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Former Chicago Juvenile Inmates Have High Rates of Substance Abuse, Psychiatric Disorders, Study Finds

Formerly incarcerated youth in Cook County, Chicago, were diagnosed with psychiatric disorders at a rate higher than that of the general population, according to a research bulletin [PDF] published by the federal Office of Juvenile Justice and Delinquency Prevention’s (OJJDP) “Northeastern Juvenile Project” in September. The research also found Black former juvenile inmates had lower prevalence rates for psychiatric and substance abuse disorders over time than compared to whites and Hispanics, despite the fact that they constitute a disproportionately larger segment of the incarcerated population.

The findings are part of a longitudinal study of 1,892 youth between ages 10 and 18, who were incarcerated at the Cook County Juvenile Temporary Detention Center between 1995 and 1998. A separate bulletin published as part of the series found that formerly incarcerated young Black men and women at the detention center faced dramatically higher mortality rates than the general population.

For this study, researchers conducted three interviews with participants over the course of five years, using the Diagnostic Interview Schedule for Children (DISC), version 2.3 in English and Spanish. The interview schedule is based on the American Psychiatric Association’s Diagnostic and Statistical Manual of Mental Disorders (DSM–III–R), and is used to “assesses the presence of disorders in the past 6 months.”

They found that 60% of youth heading into detention centers were diagnosed with psychiatric disorders, not including oppositional defiance disorder or conduct disorder, but their ongoing exposure to “risk factors,” such as maltreatment, substance abuse or a dysfunctional family life, increased the likelihood their disorders would worsen during and after detention.

To further complicate matters, short stays in jail combined with a lack of access to services on the outside may have contributed to the decline in their mental health. “Among detained juvenile offenders, only 28 percent of youth are in facilities 30 days or more, which greatly limits any efforts to diagnose and treat them,” the authors wrote. “Therefore, they may pose problems in the community when they are released and may continue to burden society as they age.”

Substance abuse was the most prevalent diagnosis, regardless of gender, and was most commonly found among non-Hispanic whites and Hispanics. Compared with African Americans, white and Hispanic former inmates were more likely to have a drug or alcohol abuse disorder. White former youth inmates also had the highest rates of disruptive behavior disorder over time, followed by Hispanics. About one-in-five participants had a mood disorder that continued into the second interview, regardless of gender.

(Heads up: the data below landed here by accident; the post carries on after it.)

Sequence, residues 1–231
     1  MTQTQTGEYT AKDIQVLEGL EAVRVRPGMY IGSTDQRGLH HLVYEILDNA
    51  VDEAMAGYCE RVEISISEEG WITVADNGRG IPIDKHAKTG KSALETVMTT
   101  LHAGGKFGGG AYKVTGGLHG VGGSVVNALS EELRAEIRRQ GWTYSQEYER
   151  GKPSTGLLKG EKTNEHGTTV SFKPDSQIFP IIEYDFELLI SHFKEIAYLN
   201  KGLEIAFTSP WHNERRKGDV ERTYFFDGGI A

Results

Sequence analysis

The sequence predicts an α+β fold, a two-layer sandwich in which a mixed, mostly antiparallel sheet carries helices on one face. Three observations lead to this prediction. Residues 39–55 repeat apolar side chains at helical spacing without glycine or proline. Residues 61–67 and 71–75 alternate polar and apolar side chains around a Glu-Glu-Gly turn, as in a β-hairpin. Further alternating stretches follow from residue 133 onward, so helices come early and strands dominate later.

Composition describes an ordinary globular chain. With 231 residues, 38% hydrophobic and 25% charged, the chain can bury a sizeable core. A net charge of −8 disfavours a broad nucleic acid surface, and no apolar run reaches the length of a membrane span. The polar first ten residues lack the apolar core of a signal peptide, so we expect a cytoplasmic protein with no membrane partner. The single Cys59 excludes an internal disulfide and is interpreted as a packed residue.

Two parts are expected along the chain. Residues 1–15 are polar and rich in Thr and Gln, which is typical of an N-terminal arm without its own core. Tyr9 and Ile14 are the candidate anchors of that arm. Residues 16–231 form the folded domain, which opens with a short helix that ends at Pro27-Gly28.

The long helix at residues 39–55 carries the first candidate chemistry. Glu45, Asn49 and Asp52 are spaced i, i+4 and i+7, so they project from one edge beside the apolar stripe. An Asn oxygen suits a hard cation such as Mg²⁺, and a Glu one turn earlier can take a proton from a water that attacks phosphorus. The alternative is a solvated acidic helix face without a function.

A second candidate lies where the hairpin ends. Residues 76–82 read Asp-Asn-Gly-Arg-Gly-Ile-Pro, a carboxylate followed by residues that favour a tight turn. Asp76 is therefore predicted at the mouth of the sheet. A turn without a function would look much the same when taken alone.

The racial/ethnic breakdown in diagnoses is interesting given the high incarceration rates of African Americans. The researchers write that their findings are “consistent with the views of many researchers—that disproportionate minority confinement for drug offenses is due, in part, to disparate enforcement of drug laws in African American communities rather than higher rates of drug use or dealing.”

While prevalence rates for most disorders declined over time, researchers found that “a substantial proportion of delinquent youth continue to have disorders as they age.”

For some youth, detention may coincide with a period of crisis that subsequently abates. Many youth, however, continue to struggle: 5 years after detention, when participants were ages 14 to 24 years, nearly 50 percent of males and nearly 30 percent of females had one or more psychiatric disorders, with their associated impairments.

The authors recommended mental health policy focus on males, who face higher rates of persistent psychiatric and substance abuse disorders than females. It also urges governments to diagnose and treat disorders in detention and after release.

Notably, researchers believe that “despite the promise of the Patient Protection and Affordable Care Act and the healthcare reform it will bring, the law may not improve mental health services for persons such as those who participated in this study, who may frequently cycle through correctional facilities. Incarceration disrupts community treatment and Medicaid benefits. Therefore, services must be improved both in correctional facilities and in the community, where the majority of detainees will eventually return.”

Brian Nam-Sonenstein

Brian Nam-Sonenstein

Publishing Editor at Shadowproof and columnist at Prison Protest.